image1My temporary apartment was on the Broadway side, and close to the street, thus noisy. But worse than the noise were the previous tenants’ leavings: cockroaches! For people like me, who come to New York in their twenties, learning to live cockroach-free is a rite of passage. I did this earlier in life, and didn’t expect to do it again, but there they were, crawling out from behind cabinets and counters late at night. I was aghast, but remembered grandmother’s words: “there’s nothing shameful about having bugs; it’s shameful to keep them!” Grandma would be proud to know how I became an expert exterminator.



The thought of cockroaches is disgusting to everyone, but if you’re determined to rid your unit, you can adopt a certain attitude. First, when you see a cockroach, you must never recoil, lest you give them the advantage. You must freeze, so they do not sense you. You must feel rage at their presence—not fear—and the conviction that it is them or you. They have changed your relationship with your home, and they deserve to die. I apologize to those of you who love all animals, but I am a truthful woman.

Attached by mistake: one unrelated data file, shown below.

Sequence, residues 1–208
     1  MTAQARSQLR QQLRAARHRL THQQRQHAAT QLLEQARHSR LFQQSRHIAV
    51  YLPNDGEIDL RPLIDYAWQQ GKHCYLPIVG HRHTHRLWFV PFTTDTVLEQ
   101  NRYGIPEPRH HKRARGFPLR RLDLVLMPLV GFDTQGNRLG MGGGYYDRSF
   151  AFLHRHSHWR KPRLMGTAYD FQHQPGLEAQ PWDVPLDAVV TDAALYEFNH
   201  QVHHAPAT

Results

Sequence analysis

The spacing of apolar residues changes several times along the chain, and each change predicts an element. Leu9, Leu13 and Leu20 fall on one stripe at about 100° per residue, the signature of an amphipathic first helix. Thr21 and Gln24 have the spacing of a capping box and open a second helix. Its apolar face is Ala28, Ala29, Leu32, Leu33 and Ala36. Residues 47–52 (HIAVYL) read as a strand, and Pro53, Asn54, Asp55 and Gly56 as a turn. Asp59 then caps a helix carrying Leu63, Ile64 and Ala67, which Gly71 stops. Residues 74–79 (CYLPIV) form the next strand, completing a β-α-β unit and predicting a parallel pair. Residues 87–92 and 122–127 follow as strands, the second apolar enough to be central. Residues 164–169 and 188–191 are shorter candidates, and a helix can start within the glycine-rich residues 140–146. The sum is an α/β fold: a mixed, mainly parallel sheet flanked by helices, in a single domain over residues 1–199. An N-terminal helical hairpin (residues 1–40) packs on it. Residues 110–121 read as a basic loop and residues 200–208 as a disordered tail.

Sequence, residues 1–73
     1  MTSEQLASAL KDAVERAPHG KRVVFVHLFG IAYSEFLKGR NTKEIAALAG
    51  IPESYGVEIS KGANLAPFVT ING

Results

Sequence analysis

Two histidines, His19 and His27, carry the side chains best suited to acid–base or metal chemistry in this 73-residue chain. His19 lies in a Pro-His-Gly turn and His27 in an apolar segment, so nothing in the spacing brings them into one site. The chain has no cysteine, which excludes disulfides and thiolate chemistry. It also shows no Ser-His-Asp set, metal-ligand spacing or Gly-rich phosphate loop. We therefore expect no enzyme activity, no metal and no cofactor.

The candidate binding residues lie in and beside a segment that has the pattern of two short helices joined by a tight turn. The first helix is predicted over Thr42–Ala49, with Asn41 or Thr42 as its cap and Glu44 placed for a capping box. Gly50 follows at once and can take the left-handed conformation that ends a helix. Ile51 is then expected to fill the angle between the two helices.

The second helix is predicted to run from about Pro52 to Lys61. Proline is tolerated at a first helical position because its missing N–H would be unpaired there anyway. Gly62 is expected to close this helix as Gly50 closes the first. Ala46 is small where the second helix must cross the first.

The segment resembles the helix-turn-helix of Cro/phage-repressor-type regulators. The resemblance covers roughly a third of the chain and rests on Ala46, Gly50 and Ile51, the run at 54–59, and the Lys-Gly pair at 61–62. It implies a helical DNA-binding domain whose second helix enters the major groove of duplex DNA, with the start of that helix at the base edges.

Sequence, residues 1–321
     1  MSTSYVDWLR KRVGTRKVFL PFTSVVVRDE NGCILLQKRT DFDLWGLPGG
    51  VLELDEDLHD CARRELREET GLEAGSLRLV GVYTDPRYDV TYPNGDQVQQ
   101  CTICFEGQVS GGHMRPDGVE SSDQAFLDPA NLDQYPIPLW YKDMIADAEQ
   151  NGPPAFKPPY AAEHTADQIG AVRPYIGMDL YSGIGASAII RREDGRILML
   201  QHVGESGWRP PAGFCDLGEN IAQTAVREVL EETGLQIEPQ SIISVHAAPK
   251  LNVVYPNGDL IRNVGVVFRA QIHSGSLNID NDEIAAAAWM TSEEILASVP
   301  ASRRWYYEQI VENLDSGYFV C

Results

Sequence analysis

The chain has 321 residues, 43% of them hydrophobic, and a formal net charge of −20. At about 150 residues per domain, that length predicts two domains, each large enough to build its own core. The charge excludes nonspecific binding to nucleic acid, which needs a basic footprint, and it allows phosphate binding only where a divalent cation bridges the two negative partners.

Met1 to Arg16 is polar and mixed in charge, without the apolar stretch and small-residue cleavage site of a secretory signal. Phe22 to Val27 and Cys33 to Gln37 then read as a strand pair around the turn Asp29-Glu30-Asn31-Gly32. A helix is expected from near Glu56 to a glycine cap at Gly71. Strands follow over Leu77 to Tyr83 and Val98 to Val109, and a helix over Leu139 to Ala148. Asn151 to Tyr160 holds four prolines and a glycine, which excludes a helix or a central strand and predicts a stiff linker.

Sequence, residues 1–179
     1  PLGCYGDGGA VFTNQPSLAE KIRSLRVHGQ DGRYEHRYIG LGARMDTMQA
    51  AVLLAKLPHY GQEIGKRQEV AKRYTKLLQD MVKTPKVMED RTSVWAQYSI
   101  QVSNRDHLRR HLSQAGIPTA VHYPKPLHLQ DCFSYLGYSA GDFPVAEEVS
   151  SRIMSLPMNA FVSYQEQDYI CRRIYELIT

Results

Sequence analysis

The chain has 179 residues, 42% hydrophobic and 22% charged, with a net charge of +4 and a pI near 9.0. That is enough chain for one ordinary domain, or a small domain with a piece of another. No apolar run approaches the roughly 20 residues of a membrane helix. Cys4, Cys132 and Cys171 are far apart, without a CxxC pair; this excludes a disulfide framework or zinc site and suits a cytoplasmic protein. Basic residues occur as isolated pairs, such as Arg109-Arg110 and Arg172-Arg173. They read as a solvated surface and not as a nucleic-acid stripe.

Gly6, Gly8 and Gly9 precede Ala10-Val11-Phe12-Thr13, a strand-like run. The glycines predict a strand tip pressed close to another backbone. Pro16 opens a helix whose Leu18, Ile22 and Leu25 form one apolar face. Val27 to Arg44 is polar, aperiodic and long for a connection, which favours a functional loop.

Next, you must know your enemy. Aware that some insects breathe through the carapace, I researched and found that this is true of cockroaches. This detail interested me because it provided an easy, inexpensive way to annihilate them. It’s too difficult to simply smash them with, e.g., a shoe (they move too quickly, and into cracks and corners). Keep at the ready a spritzer filled with alcohol (you can use your best vodka, but I prefer cheap rubbing alcohol). A quick spritz stuns the little buggers, allowing you to move in and spray them multiple times, causing them to suffocate. It is unpleasant to watch them die (they take their time), and I didn’t enjoy the many executions I conducted. But you don’t have to clean up the remains of bugs on your counter, and the smell of alcohol is clean.